Thursday, June 25, 2015
Religious Discrimination Claim Moves Ahead Against Loan Company Denying Entry To Woman Wearing Hijab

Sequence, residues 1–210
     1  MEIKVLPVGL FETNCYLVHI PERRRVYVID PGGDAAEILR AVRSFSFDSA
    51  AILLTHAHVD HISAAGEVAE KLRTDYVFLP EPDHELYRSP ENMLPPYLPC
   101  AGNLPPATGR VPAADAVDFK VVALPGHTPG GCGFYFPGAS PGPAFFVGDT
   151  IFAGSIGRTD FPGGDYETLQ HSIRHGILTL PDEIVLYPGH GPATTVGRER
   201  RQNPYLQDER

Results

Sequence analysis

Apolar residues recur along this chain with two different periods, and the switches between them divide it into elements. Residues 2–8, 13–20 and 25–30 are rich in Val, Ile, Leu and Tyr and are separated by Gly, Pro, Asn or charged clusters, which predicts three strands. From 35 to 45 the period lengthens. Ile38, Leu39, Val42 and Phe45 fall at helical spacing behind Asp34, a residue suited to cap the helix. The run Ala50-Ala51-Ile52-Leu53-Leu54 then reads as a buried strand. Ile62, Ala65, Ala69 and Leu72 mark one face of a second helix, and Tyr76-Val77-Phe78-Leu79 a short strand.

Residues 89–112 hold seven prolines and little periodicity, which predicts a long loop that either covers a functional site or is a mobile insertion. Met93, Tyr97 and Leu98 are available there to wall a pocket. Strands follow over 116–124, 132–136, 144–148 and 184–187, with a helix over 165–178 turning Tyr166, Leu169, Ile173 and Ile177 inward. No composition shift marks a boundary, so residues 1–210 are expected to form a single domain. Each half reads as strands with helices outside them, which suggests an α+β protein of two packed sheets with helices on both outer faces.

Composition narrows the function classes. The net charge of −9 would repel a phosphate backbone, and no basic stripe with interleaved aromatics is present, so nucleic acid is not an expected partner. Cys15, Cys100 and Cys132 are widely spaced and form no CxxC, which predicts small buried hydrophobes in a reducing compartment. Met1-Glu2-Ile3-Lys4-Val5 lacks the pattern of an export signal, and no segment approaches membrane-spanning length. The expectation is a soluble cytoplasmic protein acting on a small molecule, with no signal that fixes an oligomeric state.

In Ali v. Advance America Cash Advance Centers Inc., (ED MI, June 24, 2015), a Muslim woman brought a discrimination lawsuit against an Inkster, Michigan financial services outlet that refused her entry under its policy that customers must remove sunglasses and hats before entering. Plaintiff, who wanted to purchase a money order, was wearing a hijab. A Michigan federal district court held that plaintiff's complaint did not allege racial discrimination under 42 USC 1981, nor did it allege national origin discrimination under Michigan's Elliott-Larsen Civil Rights Act. However it did allege religious discrimination under the Michigan statute. The court refused to grant defendants summary judgment on this claim, holding that there remains a factual question regarding reasons for the policy. Defendants claimed that it is a safety policy designed to deter criminal behavior and advance employee safety. The policy only applies in the company's branches that lack bullet-resistant glass. Plaintiff claims that this reason is pretextual.